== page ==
Third, and most important, there is only one way to create jobs, and that is through business formation and expansion, and we don’t yet have enough new capital to create such growth. New capital can be created only through production and savings. And that won’t happen until the private sector has first sufficiently deleveraged (reduce debt incurred during the boom). Again, if the fix was as easy as the Fed creating more money out of thin air, we wouldn’t be in a recession to begin with.

Why have we been going backwards for 10 years? Because the dot-com bust, although smaller in scope, also was destructive of real capital. The Fed’s attempt from 2001 to 2004 to revive the economy through the creation of fiat money (M1 up almost 30 percent from 2001 to 2005) caused the false boom in housing and that it why we are where we are today. With each cycle, fiat money only serves to destroy more capital.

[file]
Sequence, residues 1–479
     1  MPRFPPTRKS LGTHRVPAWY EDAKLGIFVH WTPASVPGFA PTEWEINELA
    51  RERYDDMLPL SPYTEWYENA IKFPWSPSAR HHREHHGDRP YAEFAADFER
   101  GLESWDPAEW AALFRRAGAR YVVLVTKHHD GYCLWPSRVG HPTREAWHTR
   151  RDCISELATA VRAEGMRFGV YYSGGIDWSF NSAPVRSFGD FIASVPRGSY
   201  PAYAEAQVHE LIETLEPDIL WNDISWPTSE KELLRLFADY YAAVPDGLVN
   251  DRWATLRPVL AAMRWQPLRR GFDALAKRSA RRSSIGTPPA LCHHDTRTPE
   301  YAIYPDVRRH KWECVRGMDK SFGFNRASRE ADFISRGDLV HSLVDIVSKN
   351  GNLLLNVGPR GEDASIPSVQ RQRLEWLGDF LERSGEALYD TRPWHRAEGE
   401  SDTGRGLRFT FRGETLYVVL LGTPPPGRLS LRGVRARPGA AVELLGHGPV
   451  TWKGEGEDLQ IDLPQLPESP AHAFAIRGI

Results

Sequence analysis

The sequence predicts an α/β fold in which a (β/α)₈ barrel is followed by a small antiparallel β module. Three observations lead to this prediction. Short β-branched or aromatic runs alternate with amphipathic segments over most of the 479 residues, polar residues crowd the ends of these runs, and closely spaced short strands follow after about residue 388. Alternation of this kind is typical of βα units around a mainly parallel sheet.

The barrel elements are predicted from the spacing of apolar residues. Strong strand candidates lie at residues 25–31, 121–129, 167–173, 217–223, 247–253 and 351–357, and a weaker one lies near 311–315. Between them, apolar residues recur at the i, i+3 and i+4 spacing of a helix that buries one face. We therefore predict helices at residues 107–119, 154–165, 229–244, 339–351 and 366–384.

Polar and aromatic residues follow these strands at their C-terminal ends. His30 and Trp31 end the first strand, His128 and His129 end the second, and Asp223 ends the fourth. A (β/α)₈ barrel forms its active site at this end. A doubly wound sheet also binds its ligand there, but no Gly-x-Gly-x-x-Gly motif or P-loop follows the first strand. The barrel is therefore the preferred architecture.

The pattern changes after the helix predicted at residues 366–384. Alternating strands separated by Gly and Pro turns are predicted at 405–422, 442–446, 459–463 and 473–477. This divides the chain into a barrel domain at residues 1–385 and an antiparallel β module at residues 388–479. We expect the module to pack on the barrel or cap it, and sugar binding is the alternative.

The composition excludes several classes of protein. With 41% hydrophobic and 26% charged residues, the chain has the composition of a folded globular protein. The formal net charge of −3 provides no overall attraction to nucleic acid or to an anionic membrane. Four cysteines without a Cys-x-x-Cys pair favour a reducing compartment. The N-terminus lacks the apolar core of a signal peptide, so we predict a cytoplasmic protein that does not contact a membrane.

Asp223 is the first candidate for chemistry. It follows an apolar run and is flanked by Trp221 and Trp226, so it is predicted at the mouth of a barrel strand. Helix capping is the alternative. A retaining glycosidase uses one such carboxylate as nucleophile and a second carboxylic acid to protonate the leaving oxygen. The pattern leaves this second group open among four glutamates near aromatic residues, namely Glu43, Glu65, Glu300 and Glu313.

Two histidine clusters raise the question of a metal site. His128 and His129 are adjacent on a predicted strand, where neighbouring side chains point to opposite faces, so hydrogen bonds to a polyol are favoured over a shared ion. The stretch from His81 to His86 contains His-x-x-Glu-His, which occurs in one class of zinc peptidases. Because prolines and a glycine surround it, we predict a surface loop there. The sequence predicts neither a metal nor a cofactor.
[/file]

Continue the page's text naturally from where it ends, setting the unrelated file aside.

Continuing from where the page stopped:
Now it is happening again with ZIRP and QE I and II. Except that this time there is a difference: We’ve wiped out too much capital, and we haven’t yet generated enough new real capital to drive growth. Attempts to flog the economy with fiat money will only lead to one thing, and that is stagflation. Stagflation was the curse of the 1970s and early 1980s when we had high inflation and stagnant economic growth.

How much real capital exists in the economy? The real answer is that we don’t know, and it is not possible to measure it from existing data. Instead, economists look at the effects of a lack of real capital in order to determine if real capital is growing or shrinking. Austrian theory economist Frank Shostak suggests that the state of bank credit (lending) may be a reasonable proxy for measuring the effect of a lack of real capital (savings).

“As long as the pool of real savings (capital) holds up, commercial banks are likely to cooperate with the Fed’s monetary pumping and convert it into a stronger money-supply rate of growth.

“However, if the pool of real savings is in trouble, banks are likely to ignore the pumping by the Fed. Why is that so?

“A fall in the pool of real savings means that less real wealth can be generated. This in turn means that the quality of banks’ assets is likely to come under pressure. Obviously, this leads to the curtailment of credit and the curtailment of the expansion of credit out of thin air.